THE PRINCIPLE OF PRACTICE: At appropriate points throughout the book, Brown includes opportunities for the reader to try to put into practice some of the ideas or principles which he has been discussing. In the chapter on "Techniques and Materials," for example, he reproduces a few pages from a typical course book and then asks his readers to think about the kinds of lesson plans they might draw up from such materials or the kinds of techniques and exercises they might employ to best effect with their students. Elsewhere he talks about the exciting but complex task readers would have before them if their teaching situation allowed them to actually choose the textbook themselves. He refers to extensive and comprehensive textbook evaluation checklists and then provides an abridged form of such a checklist for illustration. He invites readers, as they read through this form, to "think of an ESL textbook that you are reasonably familiar with and ask yourself how well that book meets the criteria" (p. 149). He provides, in other words, opportunities to practice and to make practical application even within the confines of the book itself.

THE PRINCIPLE OF NON-PONTIFICATION: Brown does not make pronouncements, nor does he pretend that he, or anyone else in our field for that matter, has all the answers. Instead he gives broad historical recognition of various "schools of language teaching thought" and acknowledges, where appropriate, the strengths on which we can draw and the insights from which we can benefit (even if that is primarily what does not work so successfully!). Further, when discussing whether or not grammar should be directly addressed in a given classroom, Brown outlines six variables that might influence the teacher's decision. He then points out that these six categories "should be looked on as general guidelines for judging the need for conscious grammatical focus in the classroom, but none of these suggestions here are absolute" (p. 350).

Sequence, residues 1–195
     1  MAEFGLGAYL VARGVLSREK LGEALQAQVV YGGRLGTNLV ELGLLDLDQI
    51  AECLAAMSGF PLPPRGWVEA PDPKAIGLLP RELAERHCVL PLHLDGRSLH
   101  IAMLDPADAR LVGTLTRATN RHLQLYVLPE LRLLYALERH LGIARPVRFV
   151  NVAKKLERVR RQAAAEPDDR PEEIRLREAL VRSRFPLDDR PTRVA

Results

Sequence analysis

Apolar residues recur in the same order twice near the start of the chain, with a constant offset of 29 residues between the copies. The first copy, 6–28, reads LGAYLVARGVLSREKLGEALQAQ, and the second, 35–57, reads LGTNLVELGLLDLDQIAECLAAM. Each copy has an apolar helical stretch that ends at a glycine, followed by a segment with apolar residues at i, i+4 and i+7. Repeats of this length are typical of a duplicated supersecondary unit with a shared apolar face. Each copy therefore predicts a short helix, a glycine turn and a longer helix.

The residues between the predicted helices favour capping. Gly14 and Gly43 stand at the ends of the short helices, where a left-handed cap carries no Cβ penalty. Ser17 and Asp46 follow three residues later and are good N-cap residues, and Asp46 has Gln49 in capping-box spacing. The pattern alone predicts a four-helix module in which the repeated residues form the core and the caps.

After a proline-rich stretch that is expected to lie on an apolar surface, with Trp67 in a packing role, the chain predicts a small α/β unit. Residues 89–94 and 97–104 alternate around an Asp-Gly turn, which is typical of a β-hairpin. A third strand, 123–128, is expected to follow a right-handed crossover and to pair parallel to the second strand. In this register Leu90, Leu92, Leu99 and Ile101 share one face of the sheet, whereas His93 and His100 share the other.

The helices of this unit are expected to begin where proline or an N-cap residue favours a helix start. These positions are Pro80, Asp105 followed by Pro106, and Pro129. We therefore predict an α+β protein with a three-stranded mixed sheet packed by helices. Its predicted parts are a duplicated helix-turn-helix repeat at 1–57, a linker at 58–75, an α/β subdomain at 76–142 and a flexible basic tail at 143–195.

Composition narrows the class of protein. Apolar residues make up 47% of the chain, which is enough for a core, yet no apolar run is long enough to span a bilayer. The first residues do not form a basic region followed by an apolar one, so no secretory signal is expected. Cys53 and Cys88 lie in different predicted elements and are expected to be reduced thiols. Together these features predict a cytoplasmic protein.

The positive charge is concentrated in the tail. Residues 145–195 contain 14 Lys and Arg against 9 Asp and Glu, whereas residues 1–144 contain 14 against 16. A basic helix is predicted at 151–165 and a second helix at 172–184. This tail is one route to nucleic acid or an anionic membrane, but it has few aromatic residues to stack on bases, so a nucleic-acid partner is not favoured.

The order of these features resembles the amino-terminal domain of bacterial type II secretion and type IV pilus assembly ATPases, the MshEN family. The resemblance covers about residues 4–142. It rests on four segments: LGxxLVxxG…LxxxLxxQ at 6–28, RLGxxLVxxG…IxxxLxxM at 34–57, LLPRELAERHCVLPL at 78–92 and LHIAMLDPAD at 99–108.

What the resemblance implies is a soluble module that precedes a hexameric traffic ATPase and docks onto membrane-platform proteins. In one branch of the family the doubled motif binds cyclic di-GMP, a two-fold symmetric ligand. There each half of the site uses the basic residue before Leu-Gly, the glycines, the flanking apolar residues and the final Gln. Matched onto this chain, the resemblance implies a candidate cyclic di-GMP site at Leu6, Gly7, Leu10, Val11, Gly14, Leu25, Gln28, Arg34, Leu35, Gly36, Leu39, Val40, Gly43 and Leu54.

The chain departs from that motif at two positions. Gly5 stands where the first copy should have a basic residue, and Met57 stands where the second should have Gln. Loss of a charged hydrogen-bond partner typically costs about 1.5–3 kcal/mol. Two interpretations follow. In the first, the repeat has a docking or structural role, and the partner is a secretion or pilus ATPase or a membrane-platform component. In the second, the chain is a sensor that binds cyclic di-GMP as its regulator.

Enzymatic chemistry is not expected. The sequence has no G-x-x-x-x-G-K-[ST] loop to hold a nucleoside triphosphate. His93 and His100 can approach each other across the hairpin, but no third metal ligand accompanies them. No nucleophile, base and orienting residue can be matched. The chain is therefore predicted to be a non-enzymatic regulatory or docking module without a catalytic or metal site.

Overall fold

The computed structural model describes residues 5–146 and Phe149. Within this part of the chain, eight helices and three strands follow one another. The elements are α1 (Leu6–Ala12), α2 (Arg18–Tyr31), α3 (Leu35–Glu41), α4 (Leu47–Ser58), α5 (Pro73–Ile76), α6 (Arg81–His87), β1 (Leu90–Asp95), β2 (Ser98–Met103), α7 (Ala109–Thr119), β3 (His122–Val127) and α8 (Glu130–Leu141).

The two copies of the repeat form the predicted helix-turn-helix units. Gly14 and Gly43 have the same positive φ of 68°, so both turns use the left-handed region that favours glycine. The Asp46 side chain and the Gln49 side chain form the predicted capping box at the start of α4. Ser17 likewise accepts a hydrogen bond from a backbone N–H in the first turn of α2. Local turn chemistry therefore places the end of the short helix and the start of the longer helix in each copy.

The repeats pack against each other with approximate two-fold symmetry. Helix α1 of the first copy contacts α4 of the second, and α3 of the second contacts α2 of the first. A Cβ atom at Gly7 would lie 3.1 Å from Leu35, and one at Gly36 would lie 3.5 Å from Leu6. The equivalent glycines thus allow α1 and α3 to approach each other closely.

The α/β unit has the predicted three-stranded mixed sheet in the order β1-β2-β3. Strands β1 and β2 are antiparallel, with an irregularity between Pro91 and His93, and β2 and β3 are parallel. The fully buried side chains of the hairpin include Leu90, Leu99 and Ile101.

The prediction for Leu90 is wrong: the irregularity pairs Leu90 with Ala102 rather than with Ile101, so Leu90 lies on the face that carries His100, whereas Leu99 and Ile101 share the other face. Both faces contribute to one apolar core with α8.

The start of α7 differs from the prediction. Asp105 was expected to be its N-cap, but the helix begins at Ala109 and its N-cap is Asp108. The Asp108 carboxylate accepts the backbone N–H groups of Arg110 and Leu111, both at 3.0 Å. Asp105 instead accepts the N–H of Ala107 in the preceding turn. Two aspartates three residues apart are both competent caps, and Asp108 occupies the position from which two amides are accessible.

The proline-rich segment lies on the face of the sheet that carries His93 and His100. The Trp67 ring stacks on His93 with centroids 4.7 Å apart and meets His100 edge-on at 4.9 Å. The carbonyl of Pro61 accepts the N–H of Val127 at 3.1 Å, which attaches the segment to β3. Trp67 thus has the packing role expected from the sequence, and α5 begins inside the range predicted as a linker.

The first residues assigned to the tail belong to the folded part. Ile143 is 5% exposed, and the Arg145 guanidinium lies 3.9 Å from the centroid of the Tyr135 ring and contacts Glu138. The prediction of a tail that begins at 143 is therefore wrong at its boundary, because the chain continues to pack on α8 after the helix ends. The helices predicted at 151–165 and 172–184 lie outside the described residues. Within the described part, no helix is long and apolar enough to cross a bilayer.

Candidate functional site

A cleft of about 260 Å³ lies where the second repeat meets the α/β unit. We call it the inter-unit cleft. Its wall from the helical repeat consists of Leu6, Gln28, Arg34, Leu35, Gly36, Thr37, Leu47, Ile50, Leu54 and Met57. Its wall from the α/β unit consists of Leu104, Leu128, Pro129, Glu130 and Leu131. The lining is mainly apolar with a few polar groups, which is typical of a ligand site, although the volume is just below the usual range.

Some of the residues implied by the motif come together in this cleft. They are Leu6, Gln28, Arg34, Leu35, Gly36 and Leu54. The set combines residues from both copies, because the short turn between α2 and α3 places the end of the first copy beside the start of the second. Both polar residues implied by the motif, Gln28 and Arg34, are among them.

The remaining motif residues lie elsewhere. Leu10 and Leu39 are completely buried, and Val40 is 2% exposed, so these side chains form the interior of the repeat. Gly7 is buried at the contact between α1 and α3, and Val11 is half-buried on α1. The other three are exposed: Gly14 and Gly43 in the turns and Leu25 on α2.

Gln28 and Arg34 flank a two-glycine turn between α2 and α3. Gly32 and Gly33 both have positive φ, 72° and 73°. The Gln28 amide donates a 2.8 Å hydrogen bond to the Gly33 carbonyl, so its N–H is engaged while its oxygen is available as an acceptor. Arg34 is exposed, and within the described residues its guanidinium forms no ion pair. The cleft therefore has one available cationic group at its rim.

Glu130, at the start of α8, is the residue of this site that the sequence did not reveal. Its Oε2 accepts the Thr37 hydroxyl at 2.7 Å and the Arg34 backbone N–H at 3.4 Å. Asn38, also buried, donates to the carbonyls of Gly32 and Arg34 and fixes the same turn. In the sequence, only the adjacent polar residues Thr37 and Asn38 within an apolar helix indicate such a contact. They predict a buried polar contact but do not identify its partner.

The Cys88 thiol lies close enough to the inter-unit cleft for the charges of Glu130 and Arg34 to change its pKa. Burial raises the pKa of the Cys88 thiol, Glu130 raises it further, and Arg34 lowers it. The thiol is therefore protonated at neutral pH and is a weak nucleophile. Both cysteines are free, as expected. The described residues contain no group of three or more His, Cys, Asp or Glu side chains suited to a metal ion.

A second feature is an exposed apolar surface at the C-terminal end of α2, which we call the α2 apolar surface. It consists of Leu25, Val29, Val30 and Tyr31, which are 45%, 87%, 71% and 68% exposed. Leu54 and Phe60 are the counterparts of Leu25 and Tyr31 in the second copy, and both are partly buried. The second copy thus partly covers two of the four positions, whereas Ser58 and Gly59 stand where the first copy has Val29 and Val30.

THE PRINCIPLE OF EMPATHY: Throughout the book, Brown demonstrates, quite clearly from his own experience, that he understands what the new teacher may be feeling. At the end of the chapter on group work, for example, he recognizes that the reader may "feel overwhelmed or put off by the prospect of doing group work in your classroom. If so, that need not be the case! All of the guidelines and reminders and do's and don'ts included in this chapter will in the due course of time become a part of your subconscious intuitive teaching behavior" (p. 187). For a teacher in training who may indeed be feeling insecure and perhaps inadequate to the task ahead, this empathetic tone of encouragement will undoubtedly fall on welcoming ears.

THE PRINCIPLE OF REALITY: Brown recognizes that real teachers teach in real classrooms in real institutions in real communities. He does not assume that every class will be of an ideal size, that every classroom will be ideally equipped, that every administrator will be ideally supportive of a teacher's curricular and pedagogical suggestions. In the chapter on sociopolitical and institutional contexts, he refers to institutional factors which may influence the way in which a teacher plans a lesson or carries out a technique within the given curriculum (these factors include the textbook, "which you may detest!") He admits that curricular constraints may sometimes be "the biggest hurdle you have to cross," but he also believes that it is possible to find ways to "compromise with the system and yet to feel professionally fulfilled" (p. 129). Energy can thus be directed towards creative teaching rather than railing against an immovable institutional force. One can adapt things, in other words, to fit realities without trying to change an entire system.